Structured States of Disordered Proteins from Genomic Sequences

Sequence couplings reveal structural states of flexible and disordered proteins.

2016-09-23

Portable, On-Demand Biomolecular Manufacturing

Ready-to-use preparations enable on-site, on-demand production of biomolecules like antimicrobials and vaccines without refrigeration or specialized equipment.

2016-09-23

A New Handle for a Hot Topic: Genetic Markers for Warm-Sensing

Stepping out of an aggressively air-conditioned building into the sweltering heat evokes a number of thermoregulatory responses, both autonomic (sweating) and behavioral (peeling off a layer of clothing or seeking an iced beverage). Just as we come out of the hottest part of the summer, a study by Tan and colleagues provides an exciting breakthrough in our understanding of and ability to study the neural mechanisms of keeping cool when it’s hot.

2016-09-23

When a Stomach Bug Comes Calling

They say that an army marches on its stomach, and while history provides ample illustration of the value of robust supply lines, the quality of the stores being delivered matters equally. In our modern world (where a growing population is truly an army writ large), food safety is of paramount importance for human health and economic stability. Viral and bacterial gastrointestinal infections transmitted from individual to individual during food preparation or from compromised food sources directly can be acutely debilitating and even fatal for subsets of the population, including young children.

2016-09-23

Into Thin Air: How We Sense and Respond to Hypoxia

This year’s Lasker Basic Medical Research Award is shared by William Kaelin, Peter Ratcliffe, and Gregg Semenza for discovery of the pathway by which cells sense and adapt to changes in oxygen availability, which plays an essential role in human adaptation to a wide variety of physiologic and pathologic conditions.

2016-09-23

An Addiction to Education at All Levels

I grew up long before the Internet, at a time when there was hardly anything of interest to watch on our tiny black and white television—in fact, the available TV channels would mostly display “test patterns.” As a result, school was by far the most interesting activity in my life; in comparison, the hot, humid summer vacation months, spent at home near Chicago without air conditioning, seemed endlessly boring. Later, accumulating the 21 Boy Scout merit badges needed for Eagle rank would fill my summers much more productively—a model that I have suggested schools might use today, to allow students to get credit for deeply exploring a few of their individual passions.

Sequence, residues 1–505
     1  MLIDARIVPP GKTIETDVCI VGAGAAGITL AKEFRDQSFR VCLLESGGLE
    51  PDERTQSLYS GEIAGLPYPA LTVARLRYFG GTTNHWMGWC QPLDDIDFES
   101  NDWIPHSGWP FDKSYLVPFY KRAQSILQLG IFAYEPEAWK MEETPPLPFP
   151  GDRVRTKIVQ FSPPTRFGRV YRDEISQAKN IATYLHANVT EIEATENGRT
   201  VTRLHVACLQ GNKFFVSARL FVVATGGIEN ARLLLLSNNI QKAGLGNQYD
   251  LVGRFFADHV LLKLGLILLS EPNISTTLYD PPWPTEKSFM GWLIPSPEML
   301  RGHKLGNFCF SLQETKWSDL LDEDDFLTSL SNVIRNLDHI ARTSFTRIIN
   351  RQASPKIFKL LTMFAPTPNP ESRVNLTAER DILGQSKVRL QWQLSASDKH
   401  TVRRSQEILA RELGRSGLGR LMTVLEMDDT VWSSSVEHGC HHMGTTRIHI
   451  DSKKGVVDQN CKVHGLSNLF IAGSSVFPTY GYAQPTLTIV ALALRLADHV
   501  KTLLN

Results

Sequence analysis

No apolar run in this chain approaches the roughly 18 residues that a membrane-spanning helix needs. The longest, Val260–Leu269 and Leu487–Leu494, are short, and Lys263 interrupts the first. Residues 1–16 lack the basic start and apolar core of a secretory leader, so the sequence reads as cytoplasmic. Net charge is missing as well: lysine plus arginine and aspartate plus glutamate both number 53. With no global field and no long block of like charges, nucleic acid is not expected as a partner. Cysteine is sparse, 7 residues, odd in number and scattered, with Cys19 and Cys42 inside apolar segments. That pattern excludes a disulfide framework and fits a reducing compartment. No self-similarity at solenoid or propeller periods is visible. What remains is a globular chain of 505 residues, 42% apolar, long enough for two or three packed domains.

2016-09-23

Pioneering a Global Cure for Chronic Hepatitis C Virus Infection

This year’s Lasker∼Debakey Clinical Medical Research Award honors Ralf Bartenschlager, Charles Rice, and Michael Sofia, pioneers in the development of curative and safe therapies for the 170 million people with hepatitis C virus infection.

2016-09-23

The Rule of Three for Prizes in Science and the Bold Triptychs of Francis Bacon

For many scientific awards, such as Nobels and Laskers, the maximum number of recipients is three. This Rule of Three forces selection committees to make difficult decisions that increase the likelihood of singling out those individuals who open a new field and continue to lead it. The Rule of Three is reminiscent of art’s three-panel triptych, a form that the modern master Francis Bacon used to distill complex stories in a bold way.

2016-09-23